Helen Milroy’s latest picture book encourages us to see our backyards as habitats for the buzzing, scooting, zooming splendour of insects
Last year was a great year for Helen Milroy. Her work was shortlisted for the WA Premier’s Book Awards, the Readings Children’s Book Prize and the Speech Pathology Australia Book of the Year Awards, while reviewers called her picture book Backyard Birds vibrant, bright, beautiful, wonderful, colourful and bold. In 2021 the First Nations author and illustrator returns to the backyard with her new picture book, Backyard Bugs. She shared some more details with us in the interview below.
Why did you write the book?
I just love the idea of kids getting outside and knowing all of the animals, creatures and bugs who live alongside them. We are all part of a larger ecosystem and it is time we all got to know each other and learn how to get along. It is important for the future that we create sustainable healthy environments for us and the entire ecosystem we are part of. Getting kids to learn to appreciate all of this as early as possible lays down the foundations for the future.
Are you trying to rehabilitate the reputation of Aussie bugs?
Not really, but sort of. We need to appreciate that everything has a place and while we may not always know what that is, it is good to encourage our kids to learn, explore and care for the natural world in a safe way. For example, people often get scared of spiders. Yet the spider web catches lots of bugs that the birds eat, and the willy wagtail uses spider web to glue their nests together. So while we may want to keep our distance, spiders are very important bugs.
What do you hope readers will get out of Backyard Bugs?
The opportunity to appreciate the beauty and wonder of all the bugs that live alongside us, to see what they can find in their own backyard or their local community.
Do you have any recommendations for guardians and carers about how they might present your book to their kids?
Maybe read the book together, look at the pictures, then go outside and explore safely. Talk about how many different kinds of bugs there are and what their colours or characteristics are. Take bees, for example: they produce a lot of food in the form of honey and help to pollinate the flowers. You don’t want to get stung, but you can watch safely and see where they go. Many bees visit the backyard for the flowers or to have a drink of water and take some back to the hive. So you are helping the bees by growing lots of flowers and leaving sources of water for them to drink from. Draw some pictures together of what you have found and write your own story about what the bug is doing or how you may help them to live and grow.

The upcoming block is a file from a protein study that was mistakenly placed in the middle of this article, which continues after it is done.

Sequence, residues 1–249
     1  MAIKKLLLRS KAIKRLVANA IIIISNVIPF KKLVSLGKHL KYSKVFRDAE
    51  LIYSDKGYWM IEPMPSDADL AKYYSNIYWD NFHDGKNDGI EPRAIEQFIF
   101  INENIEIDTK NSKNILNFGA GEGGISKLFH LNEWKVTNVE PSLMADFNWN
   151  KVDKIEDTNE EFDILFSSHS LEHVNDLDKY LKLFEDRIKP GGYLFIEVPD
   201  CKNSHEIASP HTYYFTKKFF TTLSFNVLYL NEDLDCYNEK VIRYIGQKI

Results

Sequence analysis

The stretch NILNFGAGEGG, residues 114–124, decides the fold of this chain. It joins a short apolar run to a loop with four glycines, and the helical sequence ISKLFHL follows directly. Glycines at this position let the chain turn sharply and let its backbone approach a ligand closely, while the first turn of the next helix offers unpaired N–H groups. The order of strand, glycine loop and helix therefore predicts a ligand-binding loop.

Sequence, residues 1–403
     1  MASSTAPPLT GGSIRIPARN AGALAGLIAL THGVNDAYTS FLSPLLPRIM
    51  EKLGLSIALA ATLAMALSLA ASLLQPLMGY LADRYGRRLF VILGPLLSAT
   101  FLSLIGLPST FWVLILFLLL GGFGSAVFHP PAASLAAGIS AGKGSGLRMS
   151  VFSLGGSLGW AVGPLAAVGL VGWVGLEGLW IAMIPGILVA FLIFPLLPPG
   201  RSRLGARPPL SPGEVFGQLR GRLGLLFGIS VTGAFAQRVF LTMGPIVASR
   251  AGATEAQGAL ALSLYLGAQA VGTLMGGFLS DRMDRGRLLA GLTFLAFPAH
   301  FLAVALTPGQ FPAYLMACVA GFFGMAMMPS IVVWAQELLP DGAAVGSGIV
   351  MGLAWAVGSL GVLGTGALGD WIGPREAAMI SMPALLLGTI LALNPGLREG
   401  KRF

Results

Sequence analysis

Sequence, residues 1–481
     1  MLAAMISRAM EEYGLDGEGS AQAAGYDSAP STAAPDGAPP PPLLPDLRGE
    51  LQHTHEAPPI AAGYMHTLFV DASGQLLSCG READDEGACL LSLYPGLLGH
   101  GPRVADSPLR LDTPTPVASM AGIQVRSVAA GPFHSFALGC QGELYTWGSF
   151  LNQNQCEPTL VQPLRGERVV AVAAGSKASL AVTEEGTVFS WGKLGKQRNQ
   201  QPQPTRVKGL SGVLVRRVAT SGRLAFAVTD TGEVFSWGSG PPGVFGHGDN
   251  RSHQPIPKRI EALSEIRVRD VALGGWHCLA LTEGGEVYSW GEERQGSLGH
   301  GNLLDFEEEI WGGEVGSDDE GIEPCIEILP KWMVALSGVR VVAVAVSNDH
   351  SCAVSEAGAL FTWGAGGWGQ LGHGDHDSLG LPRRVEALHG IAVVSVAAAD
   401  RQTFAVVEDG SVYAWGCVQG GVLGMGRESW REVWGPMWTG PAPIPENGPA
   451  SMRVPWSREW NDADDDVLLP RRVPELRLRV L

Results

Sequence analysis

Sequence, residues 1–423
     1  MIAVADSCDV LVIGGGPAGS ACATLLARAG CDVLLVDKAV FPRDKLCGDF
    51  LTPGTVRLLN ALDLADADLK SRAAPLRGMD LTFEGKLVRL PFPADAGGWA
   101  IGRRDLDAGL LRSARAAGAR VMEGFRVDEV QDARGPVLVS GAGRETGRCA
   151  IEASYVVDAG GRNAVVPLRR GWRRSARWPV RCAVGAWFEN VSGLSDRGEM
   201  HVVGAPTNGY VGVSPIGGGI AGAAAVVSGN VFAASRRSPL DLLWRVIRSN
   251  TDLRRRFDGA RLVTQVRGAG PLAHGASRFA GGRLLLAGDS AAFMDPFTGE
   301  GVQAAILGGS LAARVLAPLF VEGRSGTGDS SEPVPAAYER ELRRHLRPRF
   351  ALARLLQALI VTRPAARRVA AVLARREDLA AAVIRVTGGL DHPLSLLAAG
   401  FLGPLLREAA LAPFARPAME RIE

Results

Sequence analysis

What bugs do you see in your own backyard?
So many and at different times of the year. For a while, a lot of the butterflies that used to come to the garden disappeared completely, but they are just starting to come back this year. It made me wonder what happened and how I could help the butterflies survive. I started to look at what plants they like to keep them strong and healthy. There are bugs that inhabit different spaces – the spiders often hang from up high but the earthworms and slaters are in the earth and on the ground. It makes you aware of the entire backyard as a habitat.
After drawing them all in such detail, do you have a favourite bug? If so, why?
I must admit to finding them all fascinating. If I had to choose, I would have to say the humble old Christmas beetle. They were in such large numbers when I was a kid, but now they hardly turn up at all. I like the fact that they appeared in summer and that meant the long holidays were coming soon and beach weather was on the horizon. I am also fascinated by the way they stumble across all sorts of obstacles, fall over and manage to get up and keep going. They must be a determined little beetle!
What was the best thing about doing the illustrations for the book and what was the hardest?
I enjoyed celebrating the bugs by placing them in unusual backgrounds, which hopefully showed them all in a good light. I hope the illustrations engage our young readers to see bugs differently. It can take quite a while to draw all the detail, especially wings, but it is worth the effort.